Housing starts slowed in January to an annual pace of 1.31 million, down 4.5% compared with December and down 21.4% compared with January 2022, according to the U.S. Census Bureau and U.S. Department of Housing and Urban Development.
Starts of single‐family homes were at a rate of 841,000, down 4.3% compared with December.
Starts of multifamily homes (five units or more per building) were at a rate of 457,000, down 5.4% compared with December.
Building permits barely eked out an increase. They were at a seasonally adjusted annual rate of 1.339 million, up 0.1% compared with December. However, permits were down 27.3% compared with January 2022.
Permits for single‐family homes were at a rate of 718,000, a decrease of 1.8% compared with December.
Permits for multifamily dwellings were at a rate of 563,000 in January, an increase of 0.5%.
Housing completions were at a seasonally adjusted annual rate of 1.406 million, an increase of 1.0% compared with December.
“Builders will likely continue to focus on completing existing projects, rather than starting new ones,” says Odesa Kushi, deputy chief economist for First American, in a statement. “As new completed home inventory rises, it will provide some much-needed relief to a supply-starved market.”
Kushi notes that homebuilder sentiment increased for the second consecutive month in February.
“Conditions are still considered ‘poor’ overall, but the improvement signals that builders are feeling cautiously optimistic about the months to come,” she says.
“Builders still face a difficult market as affordability challenges and supply-side headwinds persist,” Kushi adds. “While mortgage rates have trended down over the last three months thanks to favorable inflation data, rates increased recently due to market expectations that inflation will persist, thereby requiring the Federal Reserve to remain restrictive for longer. Even so, builders are hoping that we’re past the mortgage rate peak and can look for some mortgage rate stability in the months to come.”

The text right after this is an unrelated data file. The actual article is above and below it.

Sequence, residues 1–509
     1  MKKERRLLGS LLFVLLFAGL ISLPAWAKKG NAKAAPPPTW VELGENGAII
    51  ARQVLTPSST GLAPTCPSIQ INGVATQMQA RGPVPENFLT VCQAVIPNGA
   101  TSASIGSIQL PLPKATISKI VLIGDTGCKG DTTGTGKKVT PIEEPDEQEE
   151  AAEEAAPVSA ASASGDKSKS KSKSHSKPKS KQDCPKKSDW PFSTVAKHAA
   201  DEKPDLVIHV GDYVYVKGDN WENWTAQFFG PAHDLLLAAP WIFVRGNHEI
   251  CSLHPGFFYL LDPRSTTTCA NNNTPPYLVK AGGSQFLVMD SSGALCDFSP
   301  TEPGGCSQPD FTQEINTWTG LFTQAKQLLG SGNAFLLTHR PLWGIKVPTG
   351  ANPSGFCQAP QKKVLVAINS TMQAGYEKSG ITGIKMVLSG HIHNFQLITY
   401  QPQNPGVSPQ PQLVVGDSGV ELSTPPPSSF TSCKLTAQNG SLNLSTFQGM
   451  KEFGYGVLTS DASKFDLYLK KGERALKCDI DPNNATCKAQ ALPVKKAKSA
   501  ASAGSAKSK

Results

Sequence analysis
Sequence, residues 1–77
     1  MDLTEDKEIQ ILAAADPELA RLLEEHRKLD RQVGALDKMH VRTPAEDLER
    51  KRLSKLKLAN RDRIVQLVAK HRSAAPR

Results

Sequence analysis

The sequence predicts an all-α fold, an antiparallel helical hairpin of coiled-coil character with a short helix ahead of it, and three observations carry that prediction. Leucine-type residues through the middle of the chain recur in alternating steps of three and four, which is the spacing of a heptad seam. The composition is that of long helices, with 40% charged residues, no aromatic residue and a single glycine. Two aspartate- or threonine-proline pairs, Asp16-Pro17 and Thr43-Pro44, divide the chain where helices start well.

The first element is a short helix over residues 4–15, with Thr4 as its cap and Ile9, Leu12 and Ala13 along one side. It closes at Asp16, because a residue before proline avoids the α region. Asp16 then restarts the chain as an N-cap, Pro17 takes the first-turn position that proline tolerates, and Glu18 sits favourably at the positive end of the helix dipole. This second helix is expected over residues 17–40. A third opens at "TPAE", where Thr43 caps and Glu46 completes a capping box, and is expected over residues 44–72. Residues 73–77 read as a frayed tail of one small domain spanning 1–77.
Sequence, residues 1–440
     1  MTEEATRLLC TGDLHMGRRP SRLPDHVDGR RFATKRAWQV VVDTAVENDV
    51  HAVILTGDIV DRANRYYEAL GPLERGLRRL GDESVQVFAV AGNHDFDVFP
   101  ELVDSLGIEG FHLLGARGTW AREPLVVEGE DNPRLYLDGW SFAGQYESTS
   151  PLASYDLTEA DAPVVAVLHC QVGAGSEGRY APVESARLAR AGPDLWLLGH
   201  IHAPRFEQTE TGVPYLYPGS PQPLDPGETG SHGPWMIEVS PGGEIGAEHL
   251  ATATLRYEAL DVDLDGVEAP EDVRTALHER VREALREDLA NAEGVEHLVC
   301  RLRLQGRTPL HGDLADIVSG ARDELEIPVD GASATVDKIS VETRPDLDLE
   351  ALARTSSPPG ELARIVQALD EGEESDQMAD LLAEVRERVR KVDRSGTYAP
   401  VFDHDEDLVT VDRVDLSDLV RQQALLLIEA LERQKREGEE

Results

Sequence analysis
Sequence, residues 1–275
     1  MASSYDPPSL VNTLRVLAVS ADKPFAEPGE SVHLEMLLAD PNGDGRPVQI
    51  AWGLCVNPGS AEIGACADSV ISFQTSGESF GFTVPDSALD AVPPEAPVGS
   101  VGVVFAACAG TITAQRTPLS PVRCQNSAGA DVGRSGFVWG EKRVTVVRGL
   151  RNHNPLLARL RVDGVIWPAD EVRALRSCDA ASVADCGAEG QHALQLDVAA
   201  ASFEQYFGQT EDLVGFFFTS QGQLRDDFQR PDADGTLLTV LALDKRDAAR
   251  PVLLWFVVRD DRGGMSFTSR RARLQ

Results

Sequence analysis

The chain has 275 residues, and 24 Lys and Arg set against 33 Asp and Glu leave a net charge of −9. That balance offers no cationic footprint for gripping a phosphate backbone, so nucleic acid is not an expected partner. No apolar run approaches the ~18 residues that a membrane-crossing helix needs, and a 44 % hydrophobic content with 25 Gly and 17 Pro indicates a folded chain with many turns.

It should also be noted that the decrease is in keeping with seasonal patterns.
“Housing construction weakened in January as ongoing affordability conditions fueled by high mortgage rates and building material costs challenged the market,” says Alicia Huey, chairman of the National Association of Home Builders (NAHB), in a statement. “And while a recent two-month upturn in builder sentiment indicates a turning point for single-family construction could take hold in the months ahead, policymakers need to fix the supply chain for building materials to ensure builders can add the additional inventory the housing market desperately needs.”
“As completions continue to outpace construction starts, this marks the eighth straight monthly decline for the number of single-family homes under construction, which has fallen to 752,000,” adds Danushka Nanayakkara-Skillington, assistant vice president for forecasting and analysis for NAHB. “Meanwhile, the number of apartments under construction stands at the highest level since November 1973, which means a slowdown for apartment starts is approaching.”